Multiple Myeloma: Innovations in Diagnosis and Treatment

A special issue of Life (ISSN 2075-1729). This special issue belongs to the section "Medical Research".

Deadline for manuscript submissions: closed (8 March 2024) | Viewed by 1345

Special Issue Editors


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Guest Editor
Division of Clinical Oncology and Hematology, the Jikei University School of Medicine, Tokyo 105-8461, Japan
Interests: multiple myeloma; amyloidosis; hematopoietic stem cell transplantation; lymphoma; chemotherapy

E-Mail Website1 Website2
Guest Editor
Department of Hematology&Oncology, Teikyo university school of medicine, Tokyo 173-0003, Japan
Interests: myeloma biology; IMIDs; CRISPR screening; IRF4

E-Mail Website
Guest Editor
Department of Hematology and Oncology, Dokkyo Medical University, Ochigi 321-0293, Japan
Interests: multiple myeloma; AML; immunotherapy

Special Issue Information

Dear Colleagues,

Multiple myeloma remains incurable, even though the development of novel agents, such as proteasome inhibitors (PI), immunomodulatory drugs (IMIDs), and monoclonal antibodies (Moab), has improved survival over the last decade. In recent years, cellular therapy and the Bi-specific T-cell-engaging antibody (Bite) have been able to enhance  prognosis against novel target molecules, including B-cell mature antigen (BCMA) and G-protein-coupled receptor, family C, group 5, member D (GPRC5D).

An important aspect to account for when addressing multiple myeloma is the notion of Minimal Residual Disease (MRD). MRD status could predict clinical outcomes by employing next-generation flow cytometry, which is controversial but could be the optimal option for MRD detection.

Several novel techniques have been developed, such as next-generation sequencing, magnetic resonance imaging (MRI), positron emission tomography–computed tomography (PET-CT), and mass spectrometry. The immune microenvironment around myeloma cells has been investigated, and it has been revealed that the immune system is suitable for myeloma cells to proliferate and defend against anti-myeloma therapeutics.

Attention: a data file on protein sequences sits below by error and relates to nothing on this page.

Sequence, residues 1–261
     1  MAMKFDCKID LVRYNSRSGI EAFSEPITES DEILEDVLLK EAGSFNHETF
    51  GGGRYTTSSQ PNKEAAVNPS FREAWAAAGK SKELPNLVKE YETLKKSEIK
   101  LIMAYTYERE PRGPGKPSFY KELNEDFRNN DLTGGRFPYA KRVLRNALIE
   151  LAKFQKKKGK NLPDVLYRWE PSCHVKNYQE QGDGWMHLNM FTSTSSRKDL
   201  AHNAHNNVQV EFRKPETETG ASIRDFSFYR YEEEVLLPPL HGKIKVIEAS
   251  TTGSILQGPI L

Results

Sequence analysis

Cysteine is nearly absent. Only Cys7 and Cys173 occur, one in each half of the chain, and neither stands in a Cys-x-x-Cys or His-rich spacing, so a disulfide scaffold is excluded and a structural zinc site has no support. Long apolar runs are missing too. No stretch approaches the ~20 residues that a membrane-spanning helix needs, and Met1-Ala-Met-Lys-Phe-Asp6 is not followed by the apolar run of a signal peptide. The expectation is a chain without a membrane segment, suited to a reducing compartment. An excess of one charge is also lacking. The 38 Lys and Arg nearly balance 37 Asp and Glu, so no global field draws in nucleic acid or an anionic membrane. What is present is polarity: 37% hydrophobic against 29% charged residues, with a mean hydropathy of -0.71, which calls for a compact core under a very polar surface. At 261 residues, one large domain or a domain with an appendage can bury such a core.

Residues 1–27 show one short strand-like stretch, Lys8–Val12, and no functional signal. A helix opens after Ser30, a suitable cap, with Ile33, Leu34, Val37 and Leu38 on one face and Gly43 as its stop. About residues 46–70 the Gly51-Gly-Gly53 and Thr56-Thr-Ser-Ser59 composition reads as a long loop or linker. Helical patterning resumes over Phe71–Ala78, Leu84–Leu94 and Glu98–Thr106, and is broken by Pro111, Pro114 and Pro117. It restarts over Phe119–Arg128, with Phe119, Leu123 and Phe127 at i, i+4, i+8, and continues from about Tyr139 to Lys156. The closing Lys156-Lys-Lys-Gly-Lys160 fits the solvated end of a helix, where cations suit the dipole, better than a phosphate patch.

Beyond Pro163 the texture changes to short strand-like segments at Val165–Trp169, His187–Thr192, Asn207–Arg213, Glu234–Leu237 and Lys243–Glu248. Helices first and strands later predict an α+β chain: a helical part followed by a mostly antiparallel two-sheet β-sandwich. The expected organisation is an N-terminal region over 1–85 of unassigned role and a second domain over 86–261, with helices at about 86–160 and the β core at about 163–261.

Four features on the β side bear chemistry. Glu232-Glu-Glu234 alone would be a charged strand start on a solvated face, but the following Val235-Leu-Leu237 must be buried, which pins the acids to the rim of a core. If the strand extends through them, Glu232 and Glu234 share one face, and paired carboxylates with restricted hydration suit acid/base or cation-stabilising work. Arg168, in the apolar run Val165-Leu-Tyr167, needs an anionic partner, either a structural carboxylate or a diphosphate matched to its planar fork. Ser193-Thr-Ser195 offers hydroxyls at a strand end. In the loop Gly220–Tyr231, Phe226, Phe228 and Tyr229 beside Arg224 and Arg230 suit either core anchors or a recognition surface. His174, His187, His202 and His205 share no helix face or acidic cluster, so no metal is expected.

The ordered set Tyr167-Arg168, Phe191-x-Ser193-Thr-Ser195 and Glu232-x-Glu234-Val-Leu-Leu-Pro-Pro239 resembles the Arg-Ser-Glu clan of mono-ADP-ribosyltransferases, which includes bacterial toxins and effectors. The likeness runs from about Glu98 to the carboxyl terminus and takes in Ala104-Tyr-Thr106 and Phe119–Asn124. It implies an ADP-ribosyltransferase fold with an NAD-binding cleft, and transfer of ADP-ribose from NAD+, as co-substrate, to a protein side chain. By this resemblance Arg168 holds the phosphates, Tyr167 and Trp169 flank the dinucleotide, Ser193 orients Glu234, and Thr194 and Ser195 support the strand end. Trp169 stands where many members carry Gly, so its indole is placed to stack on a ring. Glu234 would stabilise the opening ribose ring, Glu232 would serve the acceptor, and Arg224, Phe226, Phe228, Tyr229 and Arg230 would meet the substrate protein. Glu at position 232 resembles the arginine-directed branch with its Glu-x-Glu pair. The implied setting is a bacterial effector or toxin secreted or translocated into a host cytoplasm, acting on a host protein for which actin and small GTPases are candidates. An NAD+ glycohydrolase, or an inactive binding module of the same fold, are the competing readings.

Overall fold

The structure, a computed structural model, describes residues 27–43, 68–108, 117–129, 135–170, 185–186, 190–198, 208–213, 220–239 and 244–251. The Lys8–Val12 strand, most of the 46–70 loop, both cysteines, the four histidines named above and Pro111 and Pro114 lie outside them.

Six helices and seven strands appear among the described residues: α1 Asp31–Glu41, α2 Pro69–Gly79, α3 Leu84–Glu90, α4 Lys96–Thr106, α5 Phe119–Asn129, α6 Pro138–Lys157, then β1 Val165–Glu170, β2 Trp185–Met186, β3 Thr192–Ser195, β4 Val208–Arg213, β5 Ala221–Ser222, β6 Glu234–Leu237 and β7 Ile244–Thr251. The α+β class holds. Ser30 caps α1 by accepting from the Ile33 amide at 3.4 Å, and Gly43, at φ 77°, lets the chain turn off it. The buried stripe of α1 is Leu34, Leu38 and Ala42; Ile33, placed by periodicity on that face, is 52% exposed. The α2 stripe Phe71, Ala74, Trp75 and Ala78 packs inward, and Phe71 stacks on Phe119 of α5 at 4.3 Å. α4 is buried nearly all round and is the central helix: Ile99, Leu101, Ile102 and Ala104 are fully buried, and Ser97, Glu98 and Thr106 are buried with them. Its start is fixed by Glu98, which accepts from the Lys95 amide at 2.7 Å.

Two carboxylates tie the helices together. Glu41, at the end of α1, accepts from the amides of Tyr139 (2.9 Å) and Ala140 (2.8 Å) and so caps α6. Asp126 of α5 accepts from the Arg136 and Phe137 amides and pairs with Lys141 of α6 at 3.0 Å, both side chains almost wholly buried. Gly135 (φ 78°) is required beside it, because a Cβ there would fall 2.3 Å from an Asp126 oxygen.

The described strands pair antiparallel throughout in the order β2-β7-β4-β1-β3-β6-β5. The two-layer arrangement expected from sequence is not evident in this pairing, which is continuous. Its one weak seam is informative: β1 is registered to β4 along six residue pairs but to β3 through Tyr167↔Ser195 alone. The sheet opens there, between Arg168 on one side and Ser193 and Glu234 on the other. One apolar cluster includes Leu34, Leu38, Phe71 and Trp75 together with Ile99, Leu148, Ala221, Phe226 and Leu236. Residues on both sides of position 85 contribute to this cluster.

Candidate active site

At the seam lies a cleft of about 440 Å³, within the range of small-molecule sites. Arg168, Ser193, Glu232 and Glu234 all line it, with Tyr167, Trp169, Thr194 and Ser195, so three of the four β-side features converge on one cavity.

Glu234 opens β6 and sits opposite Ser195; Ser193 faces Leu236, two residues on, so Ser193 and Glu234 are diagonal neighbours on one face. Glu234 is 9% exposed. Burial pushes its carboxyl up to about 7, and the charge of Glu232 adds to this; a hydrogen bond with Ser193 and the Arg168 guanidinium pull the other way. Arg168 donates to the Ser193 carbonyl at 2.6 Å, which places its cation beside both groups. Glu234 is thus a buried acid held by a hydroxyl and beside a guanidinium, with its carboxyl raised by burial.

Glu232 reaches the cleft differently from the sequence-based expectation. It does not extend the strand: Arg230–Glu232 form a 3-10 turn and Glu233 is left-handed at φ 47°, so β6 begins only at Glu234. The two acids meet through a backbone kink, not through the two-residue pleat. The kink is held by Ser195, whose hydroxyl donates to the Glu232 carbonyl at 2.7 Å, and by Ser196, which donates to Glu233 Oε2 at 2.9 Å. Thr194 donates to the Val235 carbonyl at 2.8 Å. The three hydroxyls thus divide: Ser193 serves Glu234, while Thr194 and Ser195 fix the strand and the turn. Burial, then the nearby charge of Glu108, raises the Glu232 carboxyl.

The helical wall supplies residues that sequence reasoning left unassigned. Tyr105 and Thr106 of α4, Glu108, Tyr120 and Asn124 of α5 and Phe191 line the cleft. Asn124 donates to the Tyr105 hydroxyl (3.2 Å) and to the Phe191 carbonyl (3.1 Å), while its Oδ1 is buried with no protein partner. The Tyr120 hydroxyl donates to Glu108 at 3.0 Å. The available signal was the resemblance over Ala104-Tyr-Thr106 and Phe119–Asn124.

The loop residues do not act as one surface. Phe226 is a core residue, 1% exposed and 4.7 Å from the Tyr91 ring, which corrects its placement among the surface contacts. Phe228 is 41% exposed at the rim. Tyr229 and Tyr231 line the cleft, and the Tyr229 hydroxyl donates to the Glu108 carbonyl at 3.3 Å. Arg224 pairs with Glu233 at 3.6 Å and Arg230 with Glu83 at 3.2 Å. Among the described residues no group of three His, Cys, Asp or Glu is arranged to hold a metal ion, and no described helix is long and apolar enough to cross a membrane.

In addition, the immune microenvironment worsens from a monoclonal gammopathy of undetermined significance (MGUS) to smoldering multiple myeloma (SMM) and symptomatic multiple myeloma. Early therapeutic intervention for early-stage myeloma may contribute to a longer survival time. Thus, eradicating MRD and the reconstitution of the immune microenvironment are both key to enhancing clinical outcomes for myeloma patients.

In this Special Issue, we welcome the submission of original, high-quality research articles and comprehensive reviews that are able to expand our understanding of multiple myeloma, including, but not limited to, cellular therapy, MRD assessment, response-adopted treatment strategy, and the microenvironment, particularly with regard to the immune system.

Dr. Kazuhito Suzuki
Dr. Ryosuke Shirasaki
Dr. Yoichi Imai
Guest Editors

Manuscript Submission Information

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Keywords

  • multiple myeloma
  • anti-myeloma therapeutic
  • transplantation
  • cellular therapy
  • minimal residual disease
  • immune microenvironment

Published Papers (1 paper)

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Review

15 pages, 888 KiB  
Review
IMiD-Free Interval and IMiDs Sequence: Which Strategy Is Better Suited for Lenalidomide-Refractory Myeloma?
by Kazuhito Suzuki and Shingo Yano
Life 2023, 13(11), 2229; https://doi.org/10.3390/life13112229 - 20 Nov 2023
Viewed by 1070
Abstract
This review discusses immunomodulatory drug (IMiDs) sequencing and IMiD-free interval strategies for lenalidomide-refractory myeloma. IMiDs and proteasome inhibitors (PIs) improve clinical outcomes in patients with myeloma; however, refractoriness to lenalidomide, a category of IMiD, predicts poor outcomes. Next-generation IMiDs, such as pomalidomide, are [...] Read more.
This review discusses immunomodulatory drug (IMiDs) sequencing and IMiD-free interval strategies for lenalidomide-refractory myeloma. IMiDs and proteasome inhibitors (PIs) improve clinical outcomes in patients with myeloma; however, refractoriness to lenalidomide, a category of IMiD, predicts poor outcomes. Next-generation IMiDs, such as pomalidomide, are effective even for lenalidomide-refractory myeloma. Therefore, an IMiD-sequencing strategy from lenalidomide to pomalidomide would be desirable. PIs are an antimyeloma therapeutic agent with another mode of action that might restore cereblon, a target of IMiDs; therefore, an IMiD-free interval via class switching from lenalidomide to PIs may be a promising alternative for lenalidomide-refractory myeloma. Additionally, the anti-CD38 monoclonal antibody is a key drug for salvage therapy in anti-CD38 monoclonal antibody-naïve patients. In clinical practice, safety profiles and social convenience can play important roles in the choice of combination therapy. In the future, the selection of optimal treatments should be based on the status of the immunological environment and genetic alterations. This review aims to discuss IMiDs sequencing and IMiD-free interval strategies for lenalidomide- refractory myeloma. Full article
(This article belongs to the Special Issue Multiple Myeloma: Innovations in Diagnosis and Treatment)
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